Do you ever have moments where something really awesome happens and you suddenly hear your inner voice turn to the Dark Side? Things like, “You’re not good enough. They’re going to find out and then there’s going to be a real mess.” or “Enjoy this little breakthrough while it lasts. It’s all downhill from here.” begin to spiral in your head.
Awful stuff, right?
This is a little voice I like to call Self Sabotage. It is something we all experience as humans. As creative entrepreneurs, it is the passenger constantly sitting in the back seat next to Fear. Together, these guys can be a real kick in the pants. When Fear starts singing “I can’t, you can’t, we all can’t!” Sabotage weasels right in to offer “solutions”. These “solutions” hold us back.
Why does this happen?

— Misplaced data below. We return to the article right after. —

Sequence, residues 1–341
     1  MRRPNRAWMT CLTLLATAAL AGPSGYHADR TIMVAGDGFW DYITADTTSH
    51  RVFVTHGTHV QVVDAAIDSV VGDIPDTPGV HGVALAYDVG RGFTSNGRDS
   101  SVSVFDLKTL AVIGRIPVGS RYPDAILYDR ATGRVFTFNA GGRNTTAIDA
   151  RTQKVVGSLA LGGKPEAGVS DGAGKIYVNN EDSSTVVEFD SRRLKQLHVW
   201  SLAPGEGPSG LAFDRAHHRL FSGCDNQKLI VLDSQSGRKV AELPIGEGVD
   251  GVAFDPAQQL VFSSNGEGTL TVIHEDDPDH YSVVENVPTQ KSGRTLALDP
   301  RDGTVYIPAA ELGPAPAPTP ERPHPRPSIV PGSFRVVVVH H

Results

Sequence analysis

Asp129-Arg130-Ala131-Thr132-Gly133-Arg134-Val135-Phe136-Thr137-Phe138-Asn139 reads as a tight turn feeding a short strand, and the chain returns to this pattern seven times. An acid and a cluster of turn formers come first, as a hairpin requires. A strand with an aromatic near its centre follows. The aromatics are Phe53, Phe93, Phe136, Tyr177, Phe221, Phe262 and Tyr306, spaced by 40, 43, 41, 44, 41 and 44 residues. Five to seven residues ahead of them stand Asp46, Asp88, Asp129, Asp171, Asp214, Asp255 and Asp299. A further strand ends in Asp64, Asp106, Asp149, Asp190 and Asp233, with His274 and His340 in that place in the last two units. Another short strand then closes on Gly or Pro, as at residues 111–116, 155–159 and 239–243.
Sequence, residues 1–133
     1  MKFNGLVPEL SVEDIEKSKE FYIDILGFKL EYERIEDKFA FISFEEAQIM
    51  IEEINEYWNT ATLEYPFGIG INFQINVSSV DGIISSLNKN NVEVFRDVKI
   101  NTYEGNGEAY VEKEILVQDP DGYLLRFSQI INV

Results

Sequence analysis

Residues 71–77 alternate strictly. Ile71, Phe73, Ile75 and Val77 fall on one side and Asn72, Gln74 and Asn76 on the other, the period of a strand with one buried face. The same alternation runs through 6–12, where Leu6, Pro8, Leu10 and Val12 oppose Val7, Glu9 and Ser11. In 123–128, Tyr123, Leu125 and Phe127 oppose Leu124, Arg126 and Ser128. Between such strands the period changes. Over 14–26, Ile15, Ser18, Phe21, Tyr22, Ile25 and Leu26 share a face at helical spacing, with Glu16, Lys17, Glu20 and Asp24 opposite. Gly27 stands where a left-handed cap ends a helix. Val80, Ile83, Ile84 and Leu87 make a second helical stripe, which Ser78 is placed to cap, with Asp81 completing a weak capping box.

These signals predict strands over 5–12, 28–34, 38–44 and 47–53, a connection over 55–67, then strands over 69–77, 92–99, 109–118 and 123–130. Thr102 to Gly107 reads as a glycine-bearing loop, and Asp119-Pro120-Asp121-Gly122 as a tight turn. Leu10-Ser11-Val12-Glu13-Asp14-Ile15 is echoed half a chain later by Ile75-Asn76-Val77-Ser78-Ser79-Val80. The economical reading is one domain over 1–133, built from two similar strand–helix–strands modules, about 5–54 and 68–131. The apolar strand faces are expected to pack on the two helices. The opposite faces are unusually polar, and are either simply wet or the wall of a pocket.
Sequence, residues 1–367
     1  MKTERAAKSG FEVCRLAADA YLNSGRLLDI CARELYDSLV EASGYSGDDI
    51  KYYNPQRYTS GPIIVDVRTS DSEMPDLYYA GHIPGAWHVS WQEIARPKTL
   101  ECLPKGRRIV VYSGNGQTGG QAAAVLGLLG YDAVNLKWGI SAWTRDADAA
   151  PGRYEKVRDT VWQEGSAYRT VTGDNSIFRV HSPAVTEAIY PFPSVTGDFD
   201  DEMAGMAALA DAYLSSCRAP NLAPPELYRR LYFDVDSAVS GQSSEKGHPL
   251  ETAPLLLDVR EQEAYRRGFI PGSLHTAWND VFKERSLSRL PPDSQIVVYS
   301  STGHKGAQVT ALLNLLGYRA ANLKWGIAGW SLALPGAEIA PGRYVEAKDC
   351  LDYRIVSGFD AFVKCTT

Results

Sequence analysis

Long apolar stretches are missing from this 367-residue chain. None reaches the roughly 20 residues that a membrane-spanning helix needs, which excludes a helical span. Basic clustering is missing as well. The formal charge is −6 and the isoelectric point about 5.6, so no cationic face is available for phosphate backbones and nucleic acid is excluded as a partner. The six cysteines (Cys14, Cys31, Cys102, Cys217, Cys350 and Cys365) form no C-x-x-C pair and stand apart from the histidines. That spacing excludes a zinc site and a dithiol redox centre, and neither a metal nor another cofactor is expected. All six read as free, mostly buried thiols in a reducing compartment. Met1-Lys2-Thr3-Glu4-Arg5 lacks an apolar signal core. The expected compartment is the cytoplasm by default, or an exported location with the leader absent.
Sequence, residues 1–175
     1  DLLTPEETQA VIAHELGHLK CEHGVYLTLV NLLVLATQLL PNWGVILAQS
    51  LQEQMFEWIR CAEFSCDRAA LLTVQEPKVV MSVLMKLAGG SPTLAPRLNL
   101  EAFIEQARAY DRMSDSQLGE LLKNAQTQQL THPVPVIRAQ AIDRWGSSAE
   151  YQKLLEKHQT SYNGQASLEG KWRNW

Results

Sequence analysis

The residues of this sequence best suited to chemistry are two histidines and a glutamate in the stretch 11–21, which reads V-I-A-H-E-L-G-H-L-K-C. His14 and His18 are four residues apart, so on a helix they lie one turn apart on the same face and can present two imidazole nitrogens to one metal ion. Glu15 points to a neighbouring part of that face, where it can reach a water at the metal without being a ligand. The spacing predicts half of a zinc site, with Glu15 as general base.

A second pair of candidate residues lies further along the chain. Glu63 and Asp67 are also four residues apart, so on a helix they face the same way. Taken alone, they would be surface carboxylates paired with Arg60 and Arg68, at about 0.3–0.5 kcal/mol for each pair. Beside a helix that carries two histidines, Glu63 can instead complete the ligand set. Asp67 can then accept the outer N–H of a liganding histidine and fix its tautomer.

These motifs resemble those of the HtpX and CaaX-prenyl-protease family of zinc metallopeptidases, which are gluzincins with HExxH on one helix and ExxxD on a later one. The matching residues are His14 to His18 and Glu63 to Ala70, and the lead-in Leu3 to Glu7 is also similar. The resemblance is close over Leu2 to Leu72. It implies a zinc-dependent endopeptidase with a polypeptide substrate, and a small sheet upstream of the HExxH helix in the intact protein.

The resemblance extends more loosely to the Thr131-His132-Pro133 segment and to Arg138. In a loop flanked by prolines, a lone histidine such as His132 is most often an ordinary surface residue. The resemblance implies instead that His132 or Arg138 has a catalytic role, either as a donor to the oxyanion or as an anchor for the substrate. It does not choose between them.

Your brain is wired to keep you in your comfort zone, to keep you safe. When something happens that changes what your brain has defined as “normal” or “comfortable” s, it sends in its trusty companions Fear and Self Sabotage to bring us back into the zone before we get hurt or in trouble...but it’s a double-edged sword because your brain does it for any kind of “stressful” situation. If you don’t have the tools to contend with what’s happening or even realize it’s happening, you can end up holding yourself back before you even get started. Trust me. I’ve been there.
In 2014 I had the great honor of winning one of the six Mentorship awards presented at the SCBWI LA conference. It was one of the best unexpected experiences of my career. Self Sabotage made it one of the worst.
I’ll level with you: I had no idea that the award existed. It was my first national conference (something outside of my “normal comfort zone”) and I had my learning pants on. Of course, I had the big dream of being discovered by an agent or a publisher; but I was totally shocked when my name was announced as a winner. As my stress levels skyrocketed, my brain sent in its trusty companions who set to work right away. “They’ve made a mistake!” were the first words that popped into my brain.